In the dramatic account of the raid and killing of Islamic State leader Abu Bakr al-Baghdadi, one thing captured widespread attention. A military working dog was singled out for praise, reportedly chasing al-Baghdadi down a tunnel before the IS leader detonated a suicide vest, killing himself and his three children.
The Joint Chiefs acknowledged the dog was “slightly wounded and fully recovering” and still on active duty.
Dogs used by militaries around the world are seen as vital assets to military operations, with close bonds created between dogs and their handlers. Many descriptions of military working dogs describe them as fellow soldiers, no different in treatment, status and respect, than their human counterparts.
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So it’s interesting that the legal frameworks governing militaries and the operation of armed conflict have so little to say about the use, protection, or treatment of animals during war. This gap is particularly notable as the use of animals as soldiers is nothing new.
War dogs in history
This isn’t the first dog to become famous with such raids. Cairo was a lauded member of Operation Neptune Spear, the US Navy SEALs operation that resulted in the death of Osama bin Laden.
But the history of the use of animals in warfare goes back further. Dogs were recorded in warfare as early as 600 BCE, and mentioned in the works of Homer, Herodotus, and Polynaeus. And while technological advancements have reduced the need for many species to be used by militaries, dogs are still seen as vital to their work.
The Australian Defence Forces extensively use dogs in their operations, and for many purposes. This includes sniffing out explosive devices, detecting narcotics, locating the wounded, and patrolling and protecting missions and bases.
The RAAF has been trialling a welfare dog program, placing dogs with chaplains to serve as therapy animals for deployed soldiers, in association with the Young Diggers Dog Squad.
In 2017, the Australian Defence Force commissioned the Canine Operational Service Medal, becoming the first military in the world specifically to honour the contributions made by military working dogs.
The medal is emblazoned with the image of Quake, an army combat assault dog, who died on operation in Afghanistan in 2012.
Military dogs are ‘equipment’, at best
The close bonds formed between military dogs, their handlers, and their units – and the hero status the public is eager to give these dogs – is not reflected in their legal status during armed conflicts.
In the United States, military dogs are labelled as “equipment”. A bill was introduced in 2012 to reclassify them as “canine members of the armed force”, but this bill ultimately lapsed without being passed into law. In practice, they are treated as noncommissioned officers, and given higher ranks than their handlers to ensure respect. But this is symbolic and brings with it no legal protection when in the theatre of war.
In Australia, the status of military working dogs is not addressed in legislation. But on the public-facing website of the Air Force, they’re placed under the category of “technology”, alongside bushmasters and fire trucks.
This classification as “things” comes at a time when much attention is being given to the status and rights of animals in many parts of the world, and a move away from classifying animals as property. The ACT has just passed law recognising animal sentience, acknowledging their ability to feel pain and to perceive the world around them.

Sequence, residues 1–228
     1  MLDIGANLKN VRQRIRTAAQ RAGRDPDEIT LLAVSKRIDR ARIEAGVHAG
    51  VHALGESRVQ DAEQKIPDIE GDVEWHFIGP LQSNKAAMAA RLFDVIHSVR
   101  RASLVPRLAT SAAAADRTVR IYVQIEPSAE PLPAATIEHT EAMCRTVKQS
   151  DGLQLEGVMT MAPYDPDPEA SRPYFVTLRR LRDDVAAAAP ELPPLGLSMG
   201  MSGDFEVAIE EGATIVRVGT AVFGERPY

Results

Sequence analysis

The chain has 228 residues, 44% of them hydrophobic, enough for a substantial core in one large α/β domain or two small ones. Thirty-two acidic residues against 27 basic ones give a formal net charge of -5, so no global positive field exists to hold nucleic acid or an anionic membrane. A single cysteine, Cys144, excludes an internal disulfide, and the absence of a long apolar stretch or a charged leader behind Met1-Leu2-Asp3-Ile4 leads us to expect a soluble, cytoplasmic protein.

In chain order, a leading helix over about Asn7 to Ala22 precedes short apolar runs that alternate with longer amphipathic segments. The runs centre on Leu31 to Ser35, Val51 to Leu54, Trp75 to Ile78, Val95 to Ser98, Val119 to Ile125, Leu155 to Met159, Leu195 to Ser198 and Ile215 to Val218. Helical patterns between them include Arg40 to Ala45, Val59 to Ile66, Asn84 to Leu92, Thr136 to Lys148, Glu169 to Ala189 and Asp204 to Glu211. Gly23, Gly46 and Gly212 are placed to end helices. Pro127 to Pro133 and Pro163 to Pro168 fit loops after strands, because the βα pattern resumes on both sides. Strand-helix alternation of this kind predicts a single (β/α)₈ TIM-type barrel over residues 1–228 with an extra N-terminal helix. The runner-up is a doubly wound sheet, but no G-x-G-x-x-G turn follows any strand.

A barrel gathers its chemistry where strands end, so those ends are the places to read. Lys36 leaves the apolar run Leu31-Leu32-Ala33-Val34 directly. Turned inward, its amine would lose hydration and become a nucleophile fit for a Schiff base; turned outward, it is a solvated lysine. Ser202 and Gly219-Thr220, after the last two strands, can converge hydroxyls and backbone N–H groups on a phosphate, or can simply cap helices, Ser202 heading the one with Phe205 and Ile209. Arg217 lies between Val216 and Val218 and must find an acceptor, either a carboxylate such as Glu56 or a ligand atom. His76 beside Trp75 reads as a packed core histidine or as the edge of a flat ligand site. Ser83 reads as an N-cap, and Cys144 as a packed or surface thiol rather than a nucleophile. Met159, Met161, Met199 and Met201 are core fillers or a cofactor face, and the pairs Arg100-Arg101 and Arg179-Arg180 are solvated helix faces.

The international law governing war – known as international humanitarian law or the laws of war – says even less. Despite the long history of animals used in warfare, there is not a single reference to the use of dogs or any other animal during war.
This silence does have consequences for military working dogs, beyond just outdated perceptions of non-human species.
International humanitarian law is largely premised on a fundamental distinction between combatants and civilians.
Combatant status brings with it the right to be involved in hostilities, but also the burden of being a legitimate target for attack by the other side. Civilians are granted fundamental protections of not being a legitimate target, but lose this protection if they start participating in the hostilities.
The laws of war also provide protections for combatants to not be targeted in circumstances where they are surrendering, wounded, and provide for special protections for prisoners of war.
If dogs are nothing more than military equipment, then neither the protections of combatant or civilian status apply - they can be targeted and destroyed as if any piece of inanimate military gear.
If equipment or technology, then there is no obligation to treat them with respect if captured or wounded.
For example, there is no international law in place prohibiting the use of dogs, as they were used by the Soviets in World War II and beyond, as suicide bombers.
Dogs need legal protection
The solution isn’t as simple as recognising dogs having the same combatant status as humans.
Combatants must comply with the rules of international humanitarian law. This means they commit, at all times, to distinguish between civilians and combatants, to not attack the wounded, and more.
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Military working dogs are unlikely to be able to fully and independently comply with this large body of law. What’s needed are protections specifically targeting their role in armed conflicts.
The animal rights movement still has a long way to go when it comes to a universal recognition of the personhood of animals generally, and the laws of war are just a small facet of the bigger picture.
But the simultaneous treatment of dogs who are used on battlefields and in operations as heroes, while offering none of the legal protections given to their human counterparts, shows an irreconcilable dilemma in our current approach.